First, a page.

At this point, the Philadelphia Phillies should just let top pitching prospect Spencer Howard be a part of their rotation whenever the season starts.
I won’t even try to project when the Philadelphia Phillies will start playing real games in 2020, but one thing is clear. What have they got to lose by starting the season with Spencer Howard in the rotation?
He’s not a finished project, but the unique beast of this shortened 2020 season (assuming we get one) lends itself to all sorts of decisions you wouldn’t make under normal circumstances. And Howard has the raw talent to excel in his first taste of the majors, one that could prove to be more useful than in a typical season.
More from Philadelphia Phillies
Think about it; if the Phillies had a tentative plan in place to call Howard up later in the year to give him 100 or so innings, he could now get just about that same amount while pitching close to a full season. In this case, you’d really be maximizing the potential return on a guy that major league hitters haven’t seen yet. It’s a rare and exciting opportunity.
This is all assuming that Howard keeps up his conditioning and there are no health concerns about him when MLB lifts its suspension. Barring that, the Phils need to give him his shot, and there shouldn’t even be any innings limits to worry about.
If the concern about when to call up Spencer Howard (or any young player) is service time and its future bearing on arbitration under MLB’s “super two” rule (Kris Bryant is the poster boy for it), this is the year that you can all throw that out the window. MLB has yet to rule on what date they might be looking at this year, so teams should be doing what’s best for themselves right now rather than worrying about years down the road.
A few weeks ago, I tried to make the argument for Ranger Suarez as the Phillies’ fifth starter this year. And I still believe him to be a more palatable option than Nick Pivetta and Vince Velasquez. But circumstances have now changed drastically, with Howard offering the kind of short-term upside that Suarez can’t compete with. I do think, however, that Suarez should still be in line for some starts this season, as he should be the first man that the Phils turn to in the event of injuries or ineffectiveness from their other starters. I’m looking at you, Jake Arrieta.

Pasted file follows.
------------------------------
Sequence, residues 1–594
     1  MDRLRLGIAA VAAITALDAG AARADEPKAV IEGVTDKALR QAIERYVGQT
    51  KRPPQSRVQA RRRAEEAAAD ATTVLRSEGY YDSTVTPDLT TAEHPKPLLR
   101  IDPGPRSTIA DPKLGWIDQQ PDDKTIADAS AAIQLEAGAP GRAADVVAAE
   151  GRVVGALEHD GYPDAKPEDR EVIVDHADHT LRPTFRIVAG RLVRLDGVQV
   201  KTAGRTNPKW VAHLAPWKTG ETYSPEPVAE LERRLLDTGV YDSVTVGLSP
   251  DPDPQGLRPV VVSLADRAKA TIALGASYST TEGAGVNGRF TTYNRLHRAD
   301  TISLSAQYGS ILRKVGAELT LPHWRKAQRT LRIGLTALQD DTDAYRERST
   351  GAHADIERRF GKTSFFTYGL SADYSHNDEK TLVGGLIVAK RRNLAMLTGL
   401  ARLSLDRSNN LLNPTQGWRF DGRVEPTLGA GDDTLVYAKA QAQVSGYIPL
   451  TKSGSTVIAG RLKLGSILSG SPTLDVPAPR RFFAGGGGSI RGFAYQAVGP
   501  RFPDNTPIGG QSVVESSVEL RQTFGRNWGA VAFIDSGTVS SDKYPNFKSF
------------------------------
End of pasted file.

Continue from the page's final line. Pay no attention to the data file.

The Phillies do run some degree of risk by exposing Spencer Howard to top level bats at this juncture of his career. And there’s at least a small chance that it could effectively ruin him if they don’t navigate this situation correctly (Gavin Floyd jumps to mind as a textbook example of how not to handle a young pitcher).
But teams with iffy outlooks for the 2020 season are all getting a boost by the fact that the 162-game schedule is going to be significantly shortened. The Phillies fall into that group, so why not use the most powerful weapon in their arsenal? Other teams around MLB might be thinking the same thing. The Phillies can’t afford to fall behind by confining themselves to boring and conventional thinking.
Spencer Howard will be an exciting player in Philadelphia at some point. Let’s start the clock early and have him in the rotation as soon as we play ball in 2020.